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Cheeseguy  


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Not so sure how I feel about this.. Steam at its heart is a game distribution platform and not an app store.
http://store.steampowered.com/news/8584/
edit: maybe the topic title sounds a bit bot like...

Tommy7777  

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I don't use Steam much, but they are a computer-based program and store, and I think computer games are not the only thing they should sell in today's market. Offering more they just games does start to bring the company's center away from gaming, but I still think games will be the number one selling genre. I think we can compare what Steam can become to Apple's App Store (and even Google Play) where games are the number one selling genre, but not the only profitable thing in their market. Selling various categories and selections of different programs can bring more buyers into their store, and a customer might look at Steam's selection for one thing, and find another product they are interested in. Considering how many different places we can purchase and different kinds of software, I think Steam is doing this for the best of their profits, and to increase their customers, and it might not be a bad thing. If I can buy Photoshop, MS Office, or an antivirus software off their site all at the same time, I think that makes my life a whole lot easier.

-Tom


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Cheeseguy  


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Tommy7777 wrote:I think we can compare what Steam can become to Apple's App Store (and even Google Play) where games are the number one selling genre, but not the only profitable thing in their market.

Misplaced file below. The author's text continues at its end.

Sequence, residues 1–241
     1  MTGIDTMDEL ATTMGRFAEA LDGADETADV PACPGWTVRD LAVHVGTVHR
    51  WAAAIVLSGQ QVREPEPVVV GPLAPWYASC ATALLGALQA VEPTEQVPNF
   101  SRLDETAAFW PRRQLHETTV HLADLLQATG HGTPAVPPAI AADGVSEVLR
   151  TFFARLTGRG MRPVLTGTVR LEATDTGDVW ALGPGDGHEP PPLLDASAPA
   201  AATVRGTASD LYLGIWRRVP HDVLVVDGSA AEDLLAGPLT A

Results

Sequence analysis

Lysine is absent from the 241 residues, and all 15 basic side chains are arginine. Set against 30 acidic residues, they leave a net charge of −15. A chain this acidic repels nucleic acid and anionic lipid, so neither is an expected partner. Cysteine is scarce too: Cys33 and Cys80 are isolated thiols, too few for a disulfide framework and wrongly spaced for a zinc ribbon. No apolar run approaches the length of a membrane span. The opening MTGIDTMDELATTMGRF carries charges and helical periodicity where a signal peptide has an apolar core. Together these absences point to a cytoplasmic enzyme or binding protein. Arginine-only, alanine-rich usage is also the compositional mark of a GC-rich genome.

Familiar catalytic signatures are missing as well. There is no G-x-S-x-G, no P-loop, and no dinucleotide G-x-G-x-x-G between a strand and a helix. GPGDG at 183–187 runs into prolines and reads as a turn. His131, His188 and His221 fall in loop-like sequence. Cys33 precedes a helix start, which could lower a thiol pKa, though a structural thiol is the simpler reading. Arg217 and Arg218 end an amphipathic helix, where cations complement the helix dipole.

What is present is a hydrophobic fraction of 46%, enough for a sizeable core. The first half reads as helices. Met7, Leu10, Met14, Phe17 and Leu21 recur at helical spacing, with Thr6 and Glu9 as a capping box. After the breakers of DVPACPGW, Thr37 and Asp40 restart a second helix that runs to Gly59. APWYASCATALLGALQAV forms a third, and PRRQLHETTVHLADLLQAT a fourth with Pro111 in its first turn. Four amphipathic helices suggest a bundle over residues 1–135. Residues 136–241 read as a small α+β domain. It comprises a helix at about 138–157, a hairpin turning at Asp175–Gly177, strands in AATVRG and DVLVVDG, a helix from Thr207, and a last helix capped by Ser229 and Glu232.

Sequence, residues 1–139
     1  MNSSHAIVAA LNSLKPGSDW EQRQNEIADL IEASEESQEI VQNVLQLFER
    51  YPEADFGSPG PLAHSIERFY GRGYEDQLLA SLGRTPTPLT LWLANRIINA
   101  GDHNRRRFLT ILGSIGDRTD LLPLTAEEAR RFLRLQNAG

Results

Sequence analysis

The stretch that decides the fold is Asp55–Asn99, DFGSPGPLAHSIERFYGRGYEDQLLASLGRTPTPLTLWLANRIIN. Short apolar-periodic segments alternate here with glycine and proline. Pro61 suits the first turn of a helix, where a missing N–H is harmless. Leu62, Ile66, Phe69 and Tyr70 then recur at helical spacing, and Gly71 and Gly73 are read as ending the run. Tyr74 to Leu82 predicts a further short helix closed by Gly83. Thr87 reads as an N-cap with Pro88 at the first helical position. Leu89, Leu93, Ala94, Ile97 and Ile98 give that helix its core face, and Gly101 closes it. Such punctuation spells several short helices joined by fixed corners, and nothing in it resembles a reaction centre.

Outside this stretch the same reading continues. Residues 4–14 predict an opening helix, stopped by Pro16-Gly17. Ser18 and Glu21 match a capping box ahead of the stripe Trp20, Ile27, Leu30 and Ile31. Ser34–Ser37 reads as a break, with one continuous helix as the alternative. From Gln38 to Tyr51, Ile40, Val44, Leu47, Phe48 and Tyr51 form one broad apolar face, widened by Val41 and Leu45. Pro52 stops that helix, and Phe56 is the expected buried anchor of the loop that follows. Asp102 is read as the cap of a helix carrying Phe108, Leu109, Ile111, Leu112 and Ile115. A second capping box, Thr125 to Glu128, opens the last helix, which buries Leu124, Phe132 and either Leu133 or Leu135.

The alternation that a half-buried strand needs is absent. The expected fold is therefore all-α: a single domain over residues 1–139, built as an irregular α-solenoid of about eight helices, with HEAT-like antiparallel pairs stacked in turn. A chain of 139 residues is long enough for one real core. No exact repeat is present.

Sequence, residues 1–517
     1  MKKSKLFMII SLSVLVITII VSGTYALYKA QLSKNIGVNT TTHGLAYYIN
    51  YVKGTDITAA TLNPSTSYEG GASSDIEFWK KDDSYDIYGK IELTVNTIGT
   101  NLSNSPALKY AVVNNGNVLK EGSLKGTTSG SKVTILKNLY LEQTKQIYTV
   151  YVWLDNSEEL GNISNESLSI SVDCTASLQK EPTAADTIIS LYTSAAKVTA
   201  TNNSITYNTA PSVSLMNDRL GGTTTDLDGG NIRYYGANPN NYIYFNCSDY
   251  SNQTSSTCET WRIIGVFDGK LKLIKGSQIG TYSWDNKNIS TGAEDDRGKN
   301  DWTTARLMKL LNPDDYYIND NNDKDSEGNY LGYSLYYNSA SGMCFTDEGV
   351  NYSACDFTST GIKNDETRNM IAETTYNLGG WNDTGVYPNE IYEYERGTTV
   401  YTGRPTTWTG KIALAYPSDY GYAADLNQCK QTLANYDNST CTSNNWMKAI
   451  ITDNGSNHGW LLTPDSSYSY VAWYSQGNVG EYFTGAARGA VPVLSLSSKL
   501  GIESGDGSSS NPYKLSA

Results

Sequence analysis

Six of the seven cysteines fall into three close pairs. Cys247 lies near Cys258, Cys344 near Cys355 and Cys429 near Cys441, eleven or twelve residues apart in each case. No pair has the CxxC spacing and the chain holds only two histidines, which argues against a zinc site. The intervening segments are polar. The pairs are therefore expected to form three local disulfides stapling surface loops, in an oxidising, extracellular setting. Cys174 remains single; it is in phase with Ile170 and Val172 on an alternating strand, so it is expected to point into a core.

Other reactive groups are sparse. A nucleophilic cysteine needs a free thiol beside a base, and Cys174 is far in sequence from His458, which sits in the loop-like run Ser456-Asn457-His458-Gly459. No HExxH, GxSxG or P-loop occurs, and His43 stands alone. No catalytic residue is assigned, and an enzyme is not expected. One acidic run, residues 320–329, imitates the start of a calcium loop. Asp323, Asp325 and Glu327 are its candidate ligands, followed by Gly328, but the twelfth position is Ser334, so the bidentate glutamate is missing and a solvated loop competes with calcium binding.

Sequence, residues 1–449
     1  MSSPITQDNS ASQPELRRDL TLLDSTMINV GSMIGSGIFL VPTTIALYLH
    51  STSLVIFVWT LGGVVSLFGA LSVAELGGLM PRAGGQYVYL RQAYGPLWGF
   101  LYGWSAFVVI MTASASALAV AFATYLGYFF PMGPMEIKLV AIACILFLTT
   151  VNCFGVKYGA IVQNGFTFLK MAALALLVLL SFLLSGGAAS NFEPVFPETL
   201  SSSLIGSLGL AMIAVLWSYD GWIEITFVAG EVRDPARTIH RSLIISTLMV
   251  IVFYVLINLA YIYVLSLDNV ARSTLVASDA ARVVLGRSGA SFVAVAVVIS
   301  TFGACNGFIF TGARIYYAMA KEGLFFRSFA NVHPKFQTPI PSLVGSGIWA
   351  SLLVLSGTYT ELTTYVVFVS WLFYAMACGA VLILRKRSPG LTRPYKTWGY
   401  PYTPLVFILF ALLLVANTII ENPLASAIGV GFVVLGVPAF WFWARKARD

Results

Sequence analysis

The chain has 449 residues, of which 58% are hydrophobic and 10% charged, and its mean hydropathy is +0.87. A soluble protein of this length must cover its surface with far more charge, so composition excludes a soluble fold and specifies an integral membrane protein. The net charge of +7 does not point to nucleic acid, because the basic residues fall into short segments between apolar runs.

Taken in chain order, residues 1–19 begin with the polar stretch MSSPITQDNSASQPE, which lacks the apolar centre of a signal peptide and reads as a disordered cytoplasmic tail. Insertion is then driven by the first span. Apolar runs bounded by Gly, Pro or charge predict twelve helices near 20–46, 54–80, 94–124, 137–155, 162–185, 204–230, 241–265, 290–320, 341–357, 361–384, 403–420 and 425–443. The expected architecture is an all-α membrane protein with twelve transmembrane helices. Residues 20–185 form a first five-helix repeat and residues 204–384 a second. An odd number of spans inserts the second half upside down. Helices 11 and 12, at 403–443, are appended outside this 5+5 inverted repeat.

The difference here is that Valve is a gaming company. Apple and Google aren't. Both of those are generally "multipurpose" if you will.

Tommy7777 wrote:Selling various categories and selections of different programs can bring more buyers into their store, and a customer might look at Steam's selection for one thing, and find another product they are interested in.
Valve isn't the kind of company that would expand Steam, a program that's been around for games and games only for many years now, to become an online software store just for marketing purposes. Besides the fact that most games on Steam don't even belong to Valve to begin with.

Tommy7777 wrote:Considering how many different places we can purchase and different kinds of software, I think Steam is doing this for the best of their profits, and to increase their customers
As I said before, it's not a cynical decision just to increase their share in the market. They're only doing it because that's what a lot of Steam users want them to do.

I just don't know how to put it, Valve is a gaming company and that alone.. and for them to own an online software store would be a bit awkward. Besides the fact that Steam has been in the gaming market for years now. It probably just won't be their strong suit.. but.. we'll see.

It's just my opinion.. if this is what most people want then, so be it.